Image: Martin Sanchez

Killnet targets Eastern Bloc government sites, but fails to keep them offline

Websites belonging to several state intelligence agencies across the former Eastern Bloc are online and functioning despite attempted distributed denial-of-service (DDoS) attacks from a pro-Kremlin group over the weekend.

The hacking group Killnet, which for months has targeted government agencies and companies that criticize Russia or support Ukraine, listed the sites for the intelligence services of Estonia, Poland, Romania, Bulgaria, and Moldova on its Telegram channel, suggesting it had successfully targeted them.

However, any outages if they occurred appear to have been extremely brief and the sites are now all functioning normally.

Bulgaria’s interior minister, Ivan Demerdzhiev, dismissed the significance of the attack, saying it was an “image attack aimed at creating certain moods and certain results in public attitudes” and reminded people that the website for the NATO and European Union member’s intelligence agency was not connected to its operational IT services.

Bulgaria's prosecutor-general, Ivan Geshev, previously said Killnet was behind a "large-scale" attack on Bulgarian government websites in October. Killnet claimed the attack was a punishment "for betrayal to Russia and the supply of weapons to Ukraine."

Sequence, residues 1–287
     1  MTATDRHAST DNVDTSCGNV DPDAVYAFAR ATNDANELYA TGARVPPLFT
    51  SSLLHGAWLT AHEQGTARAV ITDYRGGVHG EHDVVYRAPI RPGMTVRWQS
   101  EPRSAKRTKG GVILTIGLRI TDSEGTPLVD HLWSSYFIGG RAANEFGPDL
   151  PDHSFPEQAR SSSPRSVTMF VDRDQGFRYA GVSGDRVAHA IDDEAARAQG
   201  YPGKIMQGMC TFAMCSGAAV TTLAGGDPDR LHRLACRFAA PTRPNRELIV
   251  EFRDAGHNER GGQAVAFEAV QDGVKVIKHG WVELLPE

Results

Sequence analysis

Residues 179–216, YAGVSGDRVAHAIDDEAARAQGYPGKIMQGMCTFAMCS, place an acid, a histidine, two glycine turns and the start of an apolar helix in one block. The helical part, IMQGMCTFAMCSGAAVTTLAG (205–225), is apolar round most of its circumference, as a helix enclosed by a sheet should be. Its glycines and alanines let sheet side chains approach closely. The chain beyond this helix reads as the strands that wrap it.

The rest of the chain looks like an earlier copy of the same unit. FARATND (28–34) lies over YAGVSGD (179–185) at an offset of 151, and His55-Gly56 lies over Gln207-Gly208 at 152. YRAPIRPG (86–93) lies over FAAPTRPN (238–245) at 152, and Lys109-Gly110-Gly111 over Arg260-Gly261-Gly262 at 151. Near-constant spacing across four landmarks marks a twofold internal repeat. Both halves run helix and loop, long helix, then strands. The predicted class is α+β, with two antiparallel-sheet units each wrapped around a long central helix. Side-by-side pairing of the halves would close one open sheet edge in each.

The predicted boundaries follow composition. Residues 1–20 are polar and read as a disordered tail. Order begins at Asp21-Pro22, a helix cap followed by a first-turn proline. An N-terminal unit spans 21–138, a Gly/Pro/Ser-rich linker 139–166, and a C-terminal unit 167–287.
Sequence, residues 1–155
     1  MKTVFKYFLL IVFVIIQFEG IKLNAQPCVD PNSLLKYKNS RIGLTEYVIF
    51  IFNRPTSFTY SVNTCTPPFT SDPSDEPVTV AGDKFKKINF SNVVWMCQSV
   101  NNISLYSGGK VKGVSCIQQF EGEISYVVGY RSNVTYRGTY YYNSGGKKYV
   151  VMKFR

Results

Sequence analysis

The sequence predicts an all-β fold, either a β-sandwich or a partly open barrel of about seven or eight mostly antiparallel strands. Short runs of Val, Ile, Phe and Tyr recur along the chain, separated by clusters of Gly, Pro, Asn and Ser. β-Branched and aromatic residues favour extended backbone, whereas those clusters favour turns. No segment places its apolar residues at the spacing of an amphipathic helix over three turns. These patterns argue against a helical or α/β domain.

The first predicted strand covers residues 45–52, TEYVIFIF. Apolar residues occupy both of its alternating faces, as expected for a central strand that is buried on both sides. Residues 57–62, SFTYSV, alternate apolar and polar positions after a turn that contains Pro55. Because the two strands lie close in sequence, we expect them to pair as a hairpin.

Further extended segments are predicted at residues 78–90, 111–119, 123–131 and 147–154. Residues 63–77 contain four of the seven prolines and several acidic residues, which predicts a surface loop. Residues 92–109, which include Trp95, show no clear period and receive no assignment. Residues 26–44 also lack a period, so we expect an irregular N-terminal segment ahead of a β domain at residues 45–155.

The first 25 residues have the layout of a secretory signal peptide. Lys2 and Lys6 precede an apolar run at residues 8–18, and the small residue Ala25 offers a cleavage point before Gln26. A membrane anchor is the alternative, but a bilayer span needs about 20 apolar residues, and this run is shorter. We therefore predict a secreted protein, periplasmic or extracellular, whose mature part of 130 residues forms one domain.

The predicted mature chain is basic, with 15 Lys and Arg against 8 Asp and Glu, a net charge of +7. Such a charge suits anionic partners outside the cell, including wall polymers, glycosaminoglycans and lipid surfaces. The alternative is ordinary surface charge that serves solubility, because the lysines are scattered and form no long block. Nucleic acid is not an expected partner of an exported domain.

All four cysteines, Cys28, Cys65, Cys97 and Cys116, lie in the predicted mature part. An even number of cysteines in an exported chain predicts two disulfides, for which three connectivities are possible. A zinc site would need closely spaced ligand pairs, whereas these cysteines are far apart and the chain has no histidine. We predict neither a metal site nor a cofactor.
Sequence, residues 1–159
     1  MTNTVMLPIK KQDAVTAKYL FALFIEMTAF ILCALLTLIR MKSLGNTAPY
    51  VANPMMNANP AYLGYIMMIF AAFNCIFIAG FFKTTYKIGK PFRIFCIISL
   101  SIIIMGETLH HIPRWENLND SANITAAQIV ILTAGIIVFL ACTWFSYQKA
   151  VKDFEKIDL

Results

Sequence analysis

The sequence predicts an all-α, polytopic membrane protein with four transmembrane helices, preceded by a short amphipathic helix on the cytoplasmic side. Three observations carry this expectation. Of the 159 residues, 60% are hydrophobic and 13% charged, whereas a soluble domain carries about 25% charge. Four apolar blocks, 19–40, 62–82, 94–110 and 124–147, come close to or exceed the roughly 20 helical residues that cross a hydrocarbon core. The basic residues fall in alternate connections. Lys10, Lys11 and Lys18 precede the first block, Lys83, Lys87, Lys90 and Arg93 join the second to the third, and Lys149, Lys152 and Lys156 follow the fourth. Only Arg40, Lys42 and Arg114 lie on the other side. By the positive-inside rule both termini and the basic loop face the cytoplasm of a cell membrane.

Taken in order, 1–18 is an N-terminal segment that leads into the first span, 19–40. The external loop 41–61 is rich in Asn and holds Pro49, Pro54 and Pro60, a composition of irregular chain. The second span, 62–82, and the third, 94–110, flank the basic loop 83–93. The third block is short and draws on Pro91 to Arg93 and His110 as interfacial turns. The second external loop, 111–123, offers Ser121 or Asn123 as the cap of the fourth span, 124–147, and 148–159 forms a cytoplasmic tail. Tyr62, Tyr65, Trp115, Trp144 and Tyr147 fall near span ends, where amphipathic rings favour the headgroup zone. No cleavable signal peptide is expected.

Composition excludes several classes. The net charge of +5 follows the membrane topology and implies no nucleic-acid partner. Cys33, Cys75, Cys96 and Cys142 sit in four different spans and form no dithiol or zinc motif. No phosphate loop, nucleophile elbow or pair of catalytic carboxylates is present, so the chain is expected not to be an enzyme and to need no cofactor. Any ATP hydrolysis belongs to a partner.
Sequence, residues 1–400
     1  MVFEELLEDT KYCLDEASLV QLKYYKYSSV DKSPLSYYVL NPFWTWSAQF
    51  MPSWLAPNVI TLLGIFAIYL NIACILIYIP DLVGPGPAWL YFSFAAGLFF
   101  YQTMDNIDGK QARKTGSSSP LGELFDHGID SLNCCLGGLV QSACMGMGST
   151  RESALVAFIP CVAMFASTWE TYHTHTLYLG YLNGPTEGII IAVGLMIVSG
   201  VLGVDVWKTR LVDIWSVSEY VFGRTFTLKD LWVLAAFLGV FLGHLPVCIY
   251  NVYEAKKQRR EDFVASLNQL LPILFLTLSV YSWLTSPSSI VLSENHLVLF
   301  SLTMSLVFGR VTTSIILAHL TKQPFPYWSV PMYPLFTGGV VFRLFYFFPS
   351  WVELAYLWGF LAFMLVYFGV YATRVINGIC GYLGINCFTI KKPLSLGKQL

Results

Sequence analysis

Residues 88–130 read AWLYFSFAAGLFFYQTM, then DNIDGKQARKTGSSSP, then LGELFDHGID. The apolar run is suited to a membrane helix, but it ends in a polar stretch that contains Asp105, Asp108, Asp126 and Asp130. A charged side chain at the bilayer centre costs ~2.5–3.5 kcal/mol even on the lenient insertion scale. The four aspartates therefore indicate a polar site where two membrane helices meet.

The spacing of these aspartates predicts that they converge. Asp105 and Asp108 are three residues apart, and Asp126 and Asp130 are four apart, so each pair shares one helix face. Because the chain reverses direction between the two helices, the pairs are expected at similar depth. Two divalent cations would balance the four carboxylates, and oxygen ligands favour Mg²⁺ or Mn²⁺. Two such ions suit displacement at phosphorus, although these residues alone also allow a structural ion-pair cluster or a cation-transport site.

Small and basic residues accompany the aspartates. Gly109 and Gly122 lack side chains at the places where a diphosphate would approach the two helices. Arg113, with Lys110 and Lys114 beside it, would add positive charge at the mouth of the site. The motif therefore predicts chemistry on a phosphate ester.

The group, which has not displayed any sophisticated capabilities since emerging in February, primarily aims to target websites and organizations that will garner media attention.

Cybersecurity experts have told The Record that the media coverage around these attacks is often disproportionate considering they cause no lasting damage and do not allow the attacker access to sensitive information.

In an industry notice published on Friday, the FBI said it was “aware of Pro-Russian hacktivist groups employing DDoS attacks to target critical infrastructure companies with limited success.”

“These attacks are generally opportunistic in nature and, with DDoS mitigation steps, have minimal operational impact on victims; however, hacktivists will often publicize and exaggerate the severity of the attacks on social media. As a result, the psychological impact of DDoS attacks is often greater than the disruption of service,” the notice added.

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Alexander Martin

Alexander Martin

is the UK Editor for Recorded Future News. He was previously a technology reporter for Sky News and is also a fellow at the European Cyber Conflict Research Initiative.